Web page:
Colombia is piquing the interest of Canadian cannabis investors

Home to some 50 million people, Colombia is expected to become the nucleus for weed cultivation and medical cannabis refinement

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Bethan Rose Jenkins , Cannabis News Writer/Editorial

The turf on which Pablo Escobar once used to dominate the drug trade is expected to become the next major location for cannabis production.

Lately, there are numerous Canadian cannabis companies investing in Colombia, where the cost of weed production is significantly lower than it is in the Great White North.

When you compare the five cents it costs to produce a gram of bud in Colombia to the $1.50 it costs in Canada, it’s pretty clear why Canadians are pouring their pot funds into the South American country.

Unlike Escobar’s dodgy drug dealings, the Canadian cannabis companies investing in Colombia are doing it legally.

Seven Canadian cannabis companies investing in Colombia

So far, seven licensed cannabis producers in Canada have kickstarted business operations in Colombia.

In excess of $100 million has been invested by those Canadian cannabis producers, which has garnered a lot of media attention recently due to its emergence as a new pioneer of cannabis business. This information is based on a review of the company reports.

“We understand the pain of the war on drugs. That war was here,” said the managing director of Canopy Growth subsidiary Spectrum Cannabis Colombia, Bibiana Rojas.

Canadian cannabis producers want to dominate the global market

CIBC World Markets, the capital markets division of one of the top banks in the Great White North, says that the country’s hunger for legal weed is on-par with its hunger for wine.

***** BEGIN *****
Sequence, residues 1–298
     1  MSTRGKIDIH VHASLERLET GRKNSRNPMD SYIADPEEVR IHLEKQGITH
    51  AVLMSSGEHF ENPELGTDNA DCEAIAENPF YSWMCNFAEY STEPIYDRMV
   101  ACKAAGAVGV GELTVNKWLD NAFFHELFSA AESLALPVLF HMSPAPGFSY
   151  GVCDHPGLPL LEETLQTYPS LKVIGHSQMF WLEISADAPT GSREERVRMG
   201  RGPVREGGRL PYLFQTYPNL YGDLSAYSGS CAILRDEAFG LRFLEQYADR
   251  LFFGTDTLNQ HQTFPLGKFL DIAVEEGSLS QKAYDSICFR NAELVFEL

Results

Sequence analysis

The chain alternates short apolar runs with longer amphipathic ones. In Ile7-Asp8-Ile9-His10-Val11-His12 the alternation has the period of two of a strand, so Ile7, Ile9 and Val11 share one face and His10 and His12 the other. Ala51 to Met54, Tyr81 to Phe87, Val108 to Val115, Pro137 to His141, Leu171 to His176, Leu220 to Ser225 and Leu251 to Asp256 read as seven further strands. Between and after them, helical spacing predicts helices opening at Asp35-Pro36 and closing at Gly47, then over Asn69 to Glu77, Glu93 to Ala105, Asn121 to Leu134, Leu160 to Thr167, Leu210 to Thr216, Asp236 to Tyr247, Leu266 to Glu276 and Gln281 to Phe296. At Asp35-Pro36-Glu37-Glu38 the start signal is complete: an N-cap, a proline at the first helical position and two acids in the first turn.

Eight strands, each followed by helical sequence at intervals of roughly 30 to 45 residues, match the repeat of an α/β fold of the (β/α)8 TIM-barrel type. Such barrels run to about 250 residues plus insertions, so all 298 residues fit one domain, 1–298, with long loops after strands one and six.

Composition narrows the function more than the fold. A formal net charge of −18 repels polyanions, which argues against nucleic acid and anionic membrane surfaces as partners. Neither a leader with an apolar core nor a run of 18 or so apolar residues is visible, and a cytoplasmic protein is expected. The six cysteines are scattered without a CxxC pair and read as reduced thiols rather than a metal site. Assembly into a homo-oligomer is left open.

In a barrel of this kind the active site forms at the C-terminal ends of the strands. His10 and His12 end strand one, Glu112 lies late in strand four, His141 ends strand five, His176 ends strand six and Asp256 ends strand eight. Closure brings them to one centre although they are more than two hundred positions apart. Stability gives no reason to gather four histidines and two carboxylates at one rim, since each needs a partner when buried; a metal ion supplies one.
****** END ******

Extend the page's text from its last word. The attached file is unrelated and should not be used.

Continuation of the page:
During a phone interview in the capital Bogota, Roja said that CIBC plans to pour $60 million in investment funds into the development of cannabis production facilities and greenhouses, as well as weed-focused research in Colombia.

“For me, cannabis is a piece of hope,” said Rojas, because Canada is “transforming something that caused so much pain in the past” by funding illegal armed groups into “a crop that can bring health and wellness to Colombians.”

Canadian companies investing in Colombia must consider political risks

Canopy Growth’s affiliate company must consider the political risks associated with Canadian cannabis companies investing in Colombia. All cannabis countries in the country are currently producing cannabis oils and medical weed products, such as tinctures and capsules, as opposed to illicit smokeable flower.

Medical cannabis exports have been legal in Colombia since 2015. However, it is still illegal to consume cannabis for recreational purposes in the South American country.  Since Colombia boasts such a perfect climate for cannabis cultivation, skilled agricultural workers and fairly low wages compared to Canada, there’s no wonder why Canadian firms have their sights set on Colombia.  

Home to some 50 million people, Colombia is expected to become the nucleus for weed cultivation and medical cannabis refinement. Eventually, Canadian investors hope that the bud produced in Colombia will be exported to Latin America, where some 630 million people reside.

Weed investors in the Great White North aim to integrate a model similar to the one that has been adopted by mining and energy firms. Those particular models depend on the Toronto Stock Exchange for capital-raising purposes.  

Despite the success potential of Canadian cannabis companies investing in Colombia, political risks are plaguing the minds of some cannabis analysts.

“I would be very cautious,” said Robert Tetrault, who is a portfolio manager specializing in monitoring the legal weed sector for Winnipeg-based Canaccord Genuity Wealth Management. “As a shareholder, do you want to find out your facility in Pablo Escobar’s home turf just got seized or there are now tariffs, added costs or corruption?”

Spokespeople for the Export Development Canada (EDC) and the Canadian Commercial Corporation (CCC) say that they have not offered insurance, credit and other services to cannabis companies in Colombia.